Calls from Manitoba's top doctor for bosses to let employees work from home if possible are falling on a lot of deaf ears among civil service managers.
Although the COVID-19 crisis has steadily worsened over the past few weeks, the province is often not heeding its own health guidance, says Michelle Gawronsky, president of the Manitoba Government and General Employees Union, which represents more than 12,000 government workers.
Chief provincial public health officer Dr. Brent Roussin's messages have been loud and clear, urging employers to arrange for employees to work from home as much as they can to reduce the spread of the novel coronavirus.
However, not everyone is getting the message, Gawronsky told the Free Press in an email.
"In many cases, provincial managers have enabled civil service workers to work fully or partially from home," she wrote.
"In other cases, some managers have refused to permit working from home, even where it is clearly possible to get the job done working remotely."
The union recognizes that some jobs don't lend themselves to working from home but, wherever possible, the province should follow its own advice and direct all civil service managers to maximize the practice, she said.
"Unfortunately, right now, there is significant inconsistency across the civil service in how this critical public-health advice is being followed, or in many cases, not followed."
The union has written to Central Services Minister Reg Helwer asking him to look into the matter and to make sure that a consistent approach is followed across the civil service.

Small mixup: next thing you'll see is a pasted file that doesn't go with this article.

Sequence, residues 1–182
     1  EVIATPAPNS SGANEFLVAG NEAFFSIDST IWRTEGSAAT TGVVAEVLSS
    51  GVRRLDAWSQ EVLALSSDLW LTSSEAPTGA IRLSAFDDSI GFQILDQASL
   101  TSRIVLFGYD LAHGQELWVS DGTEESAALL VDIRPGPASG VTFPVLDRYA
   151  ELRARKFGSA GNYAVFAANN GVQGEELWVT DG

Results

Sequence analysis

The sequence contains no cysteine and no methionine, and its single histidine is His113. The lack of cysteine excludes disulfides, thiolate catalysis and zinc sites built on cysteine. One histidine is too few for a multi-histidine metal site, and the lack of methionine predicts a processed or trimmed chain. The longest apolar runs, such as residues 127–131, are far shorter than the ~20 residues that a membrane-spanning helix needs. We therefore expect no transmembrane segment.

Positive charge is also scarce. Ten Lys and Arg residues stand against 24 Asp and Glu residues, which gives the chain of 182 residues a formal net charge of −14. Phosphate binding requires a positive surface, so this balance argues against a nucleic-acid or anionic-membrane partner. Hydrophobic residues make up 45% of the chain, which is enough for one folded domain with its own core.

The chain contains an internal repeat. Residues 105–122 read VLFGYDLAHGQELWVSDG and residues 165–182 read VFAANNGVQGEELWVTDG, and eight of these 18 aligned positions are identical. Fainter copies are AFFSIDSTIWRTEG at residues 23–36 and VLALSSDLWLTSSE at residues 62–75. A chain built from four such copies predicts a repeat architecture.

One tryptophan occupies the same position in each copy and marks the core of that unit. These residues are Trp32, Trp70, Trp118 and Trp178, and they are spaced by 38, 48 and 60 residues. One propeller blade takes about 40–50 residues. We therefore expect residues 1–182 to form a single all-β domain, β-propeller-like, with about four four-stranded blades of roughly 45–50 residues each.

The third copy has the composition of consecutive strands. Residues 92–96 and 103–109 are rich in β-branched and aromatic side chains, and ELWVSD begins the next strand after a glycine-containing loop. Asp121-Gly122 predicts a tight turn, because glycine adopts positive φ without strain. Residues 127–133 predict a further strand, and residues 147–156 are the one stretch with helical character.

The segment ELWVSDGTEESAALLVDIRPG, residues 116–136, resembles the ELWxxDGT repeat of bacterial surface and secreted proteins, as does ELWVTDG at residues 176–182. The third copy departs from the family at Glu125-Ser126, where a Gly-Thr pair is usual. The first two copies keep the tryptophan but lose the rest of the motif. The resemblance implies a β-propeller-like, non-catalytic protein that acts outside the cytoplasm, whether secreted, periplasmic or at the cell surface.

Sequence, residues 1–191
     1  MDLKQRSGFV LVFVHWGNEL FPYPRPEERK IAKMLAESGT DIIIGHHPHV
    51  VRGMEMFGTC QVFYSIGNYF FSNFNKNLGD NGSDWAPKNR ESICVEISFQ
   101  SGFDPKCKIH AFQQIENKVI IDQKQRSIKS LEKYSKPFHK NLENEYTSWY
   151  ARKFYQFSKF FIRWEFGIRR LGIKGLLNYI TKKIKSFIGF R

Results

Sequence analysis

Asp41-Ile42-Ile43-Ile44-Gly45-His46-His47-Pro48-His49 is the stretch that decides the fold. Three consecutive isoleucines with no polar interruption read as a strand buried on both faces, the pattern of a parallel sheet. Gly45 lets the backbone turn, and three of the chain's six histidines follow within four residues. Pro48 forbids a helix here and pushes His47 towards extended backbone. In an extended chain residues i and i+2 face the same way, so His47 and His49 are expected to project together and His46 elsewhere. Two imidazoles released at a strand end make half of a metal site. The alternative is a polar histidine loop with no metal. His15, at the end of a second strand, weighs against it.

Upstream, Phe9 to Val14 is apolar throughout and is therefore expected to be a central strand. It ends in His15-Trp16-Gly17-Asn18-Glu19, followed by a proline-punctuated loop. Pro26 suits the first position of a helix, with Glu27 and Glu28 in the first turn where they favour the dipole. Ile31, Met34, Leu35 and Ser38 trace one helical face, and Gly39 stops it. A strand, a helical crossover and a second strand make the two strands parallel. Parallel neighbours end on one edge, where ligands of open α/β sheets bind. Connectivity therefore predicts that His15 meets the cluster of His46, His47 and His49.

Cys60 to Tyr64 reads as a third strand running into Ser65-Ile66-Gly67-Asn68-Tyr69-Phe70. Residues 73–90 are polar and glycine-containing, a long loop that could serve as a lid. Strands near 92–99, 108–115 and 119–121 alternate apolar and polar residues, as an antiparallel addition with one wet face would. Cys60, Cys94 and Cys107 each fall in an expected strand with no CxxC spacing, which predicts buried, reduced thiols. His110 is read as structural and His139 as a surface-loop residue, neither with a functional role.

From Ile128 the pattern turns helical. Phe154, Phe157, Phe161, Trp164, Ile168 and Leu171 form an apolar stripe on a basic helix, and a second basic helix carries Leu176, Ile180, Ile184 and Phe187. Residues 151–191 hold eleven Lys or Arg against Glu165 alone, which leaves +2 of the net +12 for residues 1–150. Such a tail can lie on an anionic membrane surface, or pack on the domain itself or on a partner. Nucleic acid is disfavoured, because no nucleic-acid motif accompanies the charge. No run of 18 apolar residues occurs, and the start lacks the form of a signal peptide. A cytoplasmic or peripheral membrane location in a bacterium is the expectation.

A provincial government spokesperson who responded to questions from the Free Press failed to provide any clarity.
The spokesperson was asked why civil servants who could be working from home are not being allowed to do so, and also whether there are any guidelines in place for managers to follow or if permission is left up to the discretion of individual managers.
"Unfortunately, right now, there is significant inconsistency across the civil service in how this critical public–health advice is being followed, or in many cases, not followed."
"Working from home helps employees reduce their number of contacts, and public health has identified this as a key action all Manitobans need to take," the email said.
"Public servants have been directed to work from home if they can and have discussions with their supervisors about whether increased remote work is an option for them."
When asked if there are more civil servants working from home now during code-red restrictions than at the start of pandemic, the spokesperson offered only that "the most recent stats indicate about 3,400 staff are currently working from home."
The MGEU said many are now working remotely, as they were in the spring, but didn't have specific numbers.
"We’ve all had to adapt to changing public-health orders and new levels on the pandemic-response system," Gawronsky said.
"This has been challenging, to say the least, for everyone —those in managerial roles and on the front line each experiencing unique challenges."
After 20 years of reporting on the growing diversity of people calling Manitoba home, Carol moved to the legislature bureau in early 2020.